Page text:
Good luck!
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Re: [GSoC 2011 - Accepted] Modern Illumination Techniques

Postby andrei_radu » Mon May 23, 2011 6:31 pm

Hey, as I posted in my proposal, I have exams for the next 3 weeks, so I won't be doing any heavy coding during this period(though I hope to finish deferred lighting asap). In addition to that, my laptop broke, and I'm expecting a new one in 2-3 days, so that's when I'll create the fork. Will update with progress.
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Re: [GSoC 2011 - Accepted] Modern Illumination Techniques

Postby andrei_radu » Wed May 25, 2011 1:50 pm

Here's my bitbucket reppo: https://bitbucket.org/andreiradu/ogre-gsoc2011-modernillumination. Got my new comp, and will start working on deferred lighting.
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Re: [GSoC 2011 - Accepted] Modern Illumination Techniques

Postby Assaf Raman » Wed Jun 15, 2011 10:29 pm

Hi, where do we stand with this project?
Watch out for my OGRE related tweets here.
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Re: [GSoC 2011 - Accepted] Modern Illumination Techniques

Postby andrei_radu » Mon Jun 20, 2011 5:14 pm

Hey, sorry for the lack of updates, I'm in the process of moving, so I don't have a steady internet connection.
I almost finished the shaders for deferred and inferred lighting, and am currently in the process of integrating that. I was thinking of highjacking the current deferred shading plug-in and adding a drop-down that controls the technique used(that way we can do a comparison). Is that ok?
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Re: [GSoC 2011 - Accepted] Modern Illumination Techniques

Postby jonim8or » Thu Jun 23, 2011 8:58 am

I'd love to see the Deferred Shading plugin get into the Ogre trunk. At the moment I'm using my own branch of the Ogre project, with deferred shading plugin, and have to regularily synchronize it with Ogre trunk.

Here's my most recent version of the patch. However, it has some problem with Dll's (I always use Ogre_Static)
Attachments
deferredshadingplugin.patch
Recent version of the "move deferred shading from sample to plugin" patch I did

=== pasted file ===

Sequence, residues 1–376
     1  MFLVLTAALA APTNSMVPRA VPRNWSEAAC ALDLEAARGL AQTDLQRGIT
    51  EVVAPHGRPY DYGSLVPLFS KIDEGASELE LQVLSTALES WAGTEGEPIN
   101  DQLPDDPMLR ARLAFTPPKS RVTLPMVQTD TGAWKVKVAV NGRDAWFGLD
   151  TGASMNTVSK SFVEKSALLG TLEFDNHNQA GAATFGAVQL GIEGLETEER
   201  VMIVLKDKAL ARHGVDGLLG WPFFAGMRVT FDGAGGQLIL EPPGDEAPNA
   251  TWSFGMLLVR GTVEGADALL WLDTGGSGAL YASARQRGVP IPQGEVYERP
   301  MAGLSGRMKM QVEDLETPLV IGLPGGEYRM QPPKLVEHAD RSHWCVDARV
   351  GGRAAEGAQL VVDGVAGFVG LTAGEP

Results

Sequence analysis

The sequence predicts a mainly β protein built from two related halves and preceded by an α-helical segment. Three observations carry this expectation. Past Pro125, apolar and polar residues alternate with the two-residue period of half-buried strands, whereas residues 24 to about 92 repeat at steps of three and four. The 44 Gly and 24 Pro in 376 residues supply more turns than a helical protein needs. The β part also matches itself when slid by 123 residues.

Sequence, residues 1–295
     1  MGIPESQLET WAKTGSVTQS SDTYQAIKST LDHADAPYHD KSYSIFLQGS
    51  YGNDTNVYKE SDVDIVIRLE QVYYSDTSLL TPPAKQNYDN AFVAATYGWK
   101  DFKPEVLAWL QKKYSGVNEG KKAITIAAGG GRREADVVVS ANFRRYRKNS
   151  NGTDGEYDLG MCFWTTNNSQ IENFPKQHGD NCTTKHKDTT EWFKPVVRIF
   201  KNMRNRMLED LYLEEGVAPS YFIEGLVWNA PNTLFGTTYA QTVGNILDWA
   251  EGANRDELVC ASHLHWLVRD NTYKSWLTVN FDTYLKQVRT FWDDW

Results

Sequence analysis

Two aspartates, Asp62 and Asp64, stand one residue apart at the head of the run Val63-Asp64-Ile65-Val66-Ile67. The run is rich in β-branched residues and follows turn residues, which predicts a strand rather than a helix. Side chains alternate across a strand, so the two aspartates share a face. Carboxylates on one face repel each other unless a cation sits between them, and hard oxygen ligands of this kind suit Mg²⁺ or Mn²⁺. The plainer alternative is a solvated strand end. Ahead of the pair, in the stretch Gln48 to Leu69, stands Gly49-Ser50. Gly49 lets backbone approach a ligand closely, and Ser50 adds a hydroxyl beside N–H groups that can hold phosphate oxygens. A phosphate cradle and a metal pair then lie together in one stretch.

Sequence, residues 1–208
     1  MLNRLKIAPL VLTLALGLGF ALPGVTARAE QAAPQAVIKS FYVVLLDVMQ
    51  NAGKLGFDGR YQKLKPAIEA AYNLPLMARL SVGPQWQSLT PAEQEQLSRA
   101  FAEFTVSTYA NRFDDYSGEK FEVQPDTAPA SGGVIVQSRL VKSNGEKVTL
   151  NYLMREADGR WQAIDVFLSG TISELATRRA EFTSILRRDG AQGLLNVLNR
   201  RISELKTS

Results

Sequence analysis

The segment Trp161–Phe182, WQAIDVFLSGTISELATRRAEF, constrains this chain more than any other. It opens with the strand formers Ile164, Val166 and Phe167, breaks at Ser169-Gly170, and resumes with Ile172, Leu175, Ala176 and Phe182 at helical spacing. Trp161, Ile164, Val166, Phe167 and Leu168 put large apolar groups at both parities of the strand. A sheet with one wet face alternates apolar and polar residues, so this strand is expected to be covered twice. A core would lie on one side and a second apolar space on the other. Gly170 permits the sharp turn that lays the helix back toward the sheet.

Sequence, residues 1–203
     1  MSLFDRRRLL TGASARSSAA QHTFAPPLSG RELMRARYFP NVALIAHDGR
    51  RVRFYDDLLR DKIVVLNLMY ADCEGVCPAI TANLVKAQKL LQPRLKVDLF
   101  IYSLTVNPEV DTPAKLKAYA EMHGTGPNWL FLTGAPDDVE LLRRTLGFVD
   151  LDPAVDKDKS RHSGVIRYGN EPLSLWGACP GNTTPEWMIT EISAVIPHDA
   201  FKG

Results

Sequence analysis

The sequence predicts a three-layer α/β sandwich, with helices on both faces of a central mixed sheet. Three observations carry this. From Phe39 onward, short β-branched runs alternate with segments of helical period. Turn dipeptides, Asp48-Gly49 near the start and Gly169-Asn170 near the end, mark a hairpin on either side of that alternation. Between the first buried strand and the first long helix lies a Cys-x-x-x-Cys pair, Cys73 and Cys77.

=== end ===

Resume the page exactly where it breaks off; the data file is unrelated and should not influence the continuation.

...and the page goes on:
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Re: [GSoC 2011 - Accepted] Modern Illumination Techniques

Postby andrei_radu » Fri Jun 24, 2011 6:09 pm

I was actually referring to the deferred shading example. Sorry for the confusion.
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Re: [GSoC 2011 - Accepted] Modern Illumination Techniques

Postby andrei_radu » Sun Jun 26, 2011 5:18 pm

I will probably be late with the first stage. I'm a bit caught in the complexity of the custom rendering passes and material generators. At the moment I've figured out how to generate the material for the lights, but I'm having issues with generating the material for the final pass. One of the main advantages of deferred lighting over DS is that a lot of parameters are passed in this stage in stead of being kept in the G-Buffer(albedo, spec. power, spec. intensity, screen space speed, and pretty much any precomputed lighting). Some of these are not currently used at all.
Should I generate some materials for a couple of permutations, like the current sample does, or should I try finding a more streamlined solution?
I also think I found a bug. The specular exponent is hard coded in the shader, and what is read from the G-Buffer is multiplied(kind of like a specular power).
Code: Select all
float3 light_specular = pow(dot(normal, h),32.0) * lightSpecularColor.rgb;
total_light_contrib += specularity * light_specular;

Is there some explanation for this?
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Re: [GSoC 2011 - Accepted] Modern Illumination Techniques

Postby Noman » Sun Jun 26, 2011 6:14 pm

I think I took those functions from the deferred rendering demo that I inherited in my GSoC project. Different implementation parametrize different parts of the lighting equation. Your proposal is valid, but is it critical for your project?

As for the project, I think its naive to say "probably" will be late, as according to your plan you have both light-pre-pass and inferred lighting done by tomorrow. Good luck with that =)
Of course I'm teasing you, but self-honesty is good.

Tactically speaking :
From what I understand, light pre-pass is made of three steps
A) Render a sort-of G-buffer, storing depth and normals
B) Render the lights to the L-buffer, sampling the G-buffer in order to carry out the lighting equation
C) Render the objects of the scene, sampling the light buffer instead of calculation light equations.